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Lone
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« Reply #6 on: January 09, 2014, 05:34:44 AM »

Hello Stan,

We had about 2 weeks of >40 C.  All the hives survived though I know of a lot of people who lost stingless beehives.  Here are the DPI recommendations regarding chalkbrood.  http://www.daff.qld.gov.au/animal-industries/bees/diseases-and-pests/chalkbrood  It does mention high and low temperatures which can draw bees away from the brood, as well as other causes of stress.

Most of my hives are situated for morning sun as are yours.  A bit of sun is a good idea for SHB control.  One of my hives is under a tree's shade all day and it has had the biggest bearding of them all, and a couple have no shelter but are doing fine.  The entrance is shaded the hottest part of the day.

I'm not an expert in thermodynamics, but someone in our club uses a fan inside the hive and monitors the temperature and has had high honey yields.  Stingless bee experts have recommended using wet towels over the hives in those extremes of heat.  Some people chock the lid open a bit.  Usually in queensland we use the migratory lids with vent holes back and front.  Usually folks take away the bit of plastic or whatever you put on top of your frames in summer, though that can lead to comb building in the lid.  I don't know anything about screened bottom boards and haven't seen them used in these parts, so I can't advise about that.  I would like to know the pros and cons.   Some people put a lump of iron or something on top of the hive held down with a brick for a little shade in summer as well as protection from the rain.  I wouldn't move your hives out into full sun if I were you.  A little shelter wouldn't hurt.  But checking the strength of your hive is more important as the chalkbrood may not be related to the heat or humidity.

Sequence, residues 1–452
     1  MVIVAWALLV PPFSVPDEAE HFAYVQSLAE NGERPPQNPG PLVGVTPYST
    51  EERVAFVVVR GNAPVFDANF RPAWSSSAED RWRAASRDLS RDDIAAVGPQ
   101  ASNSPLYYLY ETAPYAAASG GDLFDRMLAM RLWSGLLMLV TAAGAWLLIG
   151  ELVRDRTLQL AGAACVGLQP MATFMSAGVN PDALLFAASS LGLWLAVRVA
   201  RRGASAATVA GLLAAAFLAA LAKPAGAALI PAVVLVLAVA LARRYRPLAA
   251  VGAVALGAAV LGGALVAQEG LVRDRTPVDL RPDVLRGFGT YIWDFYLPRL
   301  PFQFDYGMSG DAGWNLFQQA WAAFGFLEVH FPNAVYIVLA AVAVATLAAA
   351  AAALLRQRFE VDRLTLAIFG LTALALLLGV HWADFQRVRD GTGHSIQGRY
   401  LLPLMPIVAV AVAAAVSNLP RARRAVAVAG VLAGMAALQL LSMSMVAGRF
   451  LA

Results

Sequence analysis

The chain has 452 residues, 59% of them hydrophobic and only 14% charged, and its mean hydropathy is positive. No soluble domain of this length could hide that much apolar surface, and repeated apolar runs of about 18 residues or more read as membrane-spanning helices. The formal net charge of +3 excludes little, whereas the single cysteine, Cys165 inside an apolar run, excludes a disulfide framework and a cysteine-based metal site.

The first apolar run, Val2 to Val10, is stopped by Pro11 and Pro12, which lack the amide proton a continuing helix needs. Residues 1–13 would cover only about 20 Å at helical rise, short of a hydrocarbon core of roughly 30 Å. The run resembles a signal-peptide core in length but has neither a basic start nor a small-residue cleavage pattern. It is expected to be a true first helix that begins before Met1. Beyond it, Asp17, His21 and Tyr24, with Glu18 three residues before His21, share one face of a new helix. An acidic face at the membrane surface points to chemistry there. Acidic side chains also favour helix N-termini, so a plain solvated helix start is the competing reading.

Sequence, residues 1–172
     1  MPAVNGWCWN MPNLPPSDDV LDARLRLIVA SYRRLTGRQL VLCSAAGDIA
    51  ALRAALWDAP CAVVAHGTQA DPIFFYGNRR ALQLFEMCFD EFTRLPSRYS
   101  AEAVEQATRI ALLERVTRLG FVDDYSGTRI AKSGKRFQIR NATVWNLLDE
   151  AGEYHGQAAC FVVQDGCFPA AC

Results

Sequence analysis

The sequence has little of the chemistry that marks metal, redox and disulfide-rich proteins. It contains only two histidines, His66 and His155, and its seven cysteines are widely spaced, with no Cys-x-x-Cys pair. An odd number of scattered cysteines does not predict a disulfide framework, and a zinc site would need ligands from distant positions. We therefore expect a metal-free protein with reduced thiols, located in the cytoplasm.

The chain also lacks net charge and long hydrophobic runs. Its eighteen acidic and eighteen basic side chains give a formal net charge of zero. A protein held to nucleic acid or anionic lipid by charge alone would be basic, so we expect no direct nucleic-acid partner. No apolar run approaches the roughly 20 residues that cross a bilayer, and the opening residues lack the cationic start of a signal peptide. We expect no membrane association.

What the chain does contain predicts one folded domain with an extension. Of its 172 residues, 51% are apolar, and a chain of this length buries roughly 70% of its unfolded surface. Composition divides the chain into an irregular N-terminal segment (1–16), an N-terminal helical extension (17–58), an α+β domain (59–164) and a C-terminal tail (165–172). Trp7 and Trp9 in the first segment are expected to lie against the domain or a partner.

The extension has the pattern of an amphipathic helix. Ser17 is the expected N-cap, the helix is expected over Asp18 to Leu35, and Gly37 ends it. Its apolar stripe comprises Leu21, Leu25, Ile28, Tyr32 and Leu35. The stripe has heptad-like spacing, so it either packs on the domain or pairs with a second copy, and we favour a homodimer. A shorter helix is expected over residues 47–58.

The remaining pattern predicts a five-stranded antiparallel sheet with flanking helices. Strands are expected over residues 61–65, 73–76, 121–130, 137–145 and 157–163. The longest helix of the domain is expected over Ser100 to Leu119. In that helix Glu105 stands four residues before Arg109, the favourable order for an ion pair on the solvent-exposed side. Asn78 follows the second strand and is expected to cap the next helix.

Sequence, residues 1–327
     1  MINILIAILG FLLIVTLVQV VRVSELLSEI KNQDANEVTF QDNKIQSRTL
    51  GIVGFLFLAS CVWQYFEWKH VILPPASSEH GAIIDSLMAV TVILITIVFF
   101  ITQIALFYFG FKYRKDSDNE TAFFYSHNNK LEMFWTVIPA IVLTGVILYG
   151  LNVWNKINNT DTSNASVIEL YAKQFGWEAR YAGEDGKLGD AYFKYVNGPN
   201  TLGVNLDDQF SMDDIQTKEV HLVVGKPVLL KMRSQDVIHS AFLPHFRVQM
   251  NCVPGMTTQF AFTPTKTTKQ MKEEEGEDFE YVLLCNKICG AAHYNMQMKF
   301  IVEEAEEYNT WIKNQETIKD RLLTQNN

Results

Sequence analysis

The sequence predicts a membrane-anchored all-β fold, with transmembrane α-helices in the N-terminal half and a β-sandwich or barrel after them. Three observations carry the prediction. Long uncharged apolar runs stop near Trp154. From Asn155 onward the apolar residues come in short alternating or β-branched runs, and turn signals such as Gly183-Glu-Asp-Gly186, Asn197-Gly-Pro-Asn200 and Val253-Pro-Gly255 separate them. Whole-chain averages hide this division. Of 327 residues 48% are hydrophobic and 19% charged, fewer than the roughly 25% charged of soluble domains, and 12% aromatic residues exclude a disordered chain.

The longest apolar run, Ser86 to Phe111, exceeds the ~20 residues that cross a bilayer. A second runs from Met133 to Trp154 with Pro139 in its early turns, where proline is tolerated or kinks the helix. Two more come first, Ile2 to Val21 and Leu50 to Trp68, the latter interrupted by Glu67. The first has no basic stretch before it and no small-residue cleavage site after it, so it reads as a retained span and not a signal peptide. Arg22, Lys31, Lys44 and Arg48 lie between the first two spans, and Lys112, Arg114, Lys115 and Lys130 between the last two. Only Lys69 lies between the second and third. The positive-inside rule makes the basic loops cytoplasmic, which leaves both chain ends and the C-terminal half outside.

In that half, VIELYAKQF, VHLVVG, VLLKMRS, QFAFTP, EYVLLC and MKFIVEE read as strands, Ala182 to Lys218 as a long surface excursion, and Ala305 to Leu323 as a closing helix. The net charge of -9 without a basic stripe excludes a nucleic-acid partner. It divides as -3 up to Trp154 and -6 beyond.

Let us know how it goes.

Lone
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chux
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« Reply #7 on: January 09, 2014, 08:43:20 AM »

I had a smaller colony suffering from chalk brood this summer. I removed some grass from in front of the entrance to increase airflow. I also cut away some overhanging branches which provided shade, and put in a frame of brood from another hive. In a couple of weeks, there was no sign of chalk brood. I've been told humidity is a big factor.
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rwlaw
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« Reply #8 on: January 09, 2014, 09:33:23 AM »

I bought a queen that infected, they superceded her and I made sure the hive was out in full sun, the problem went away.
Are your boxes vented at the top? Might try cracking the lid a little to get some air moving thru the hive.
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kathyp
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« Reply #9 on: January 09, 2014, 11:51:30 AM »

didn't realize you had two posts about this.  left you a note on the other one  grin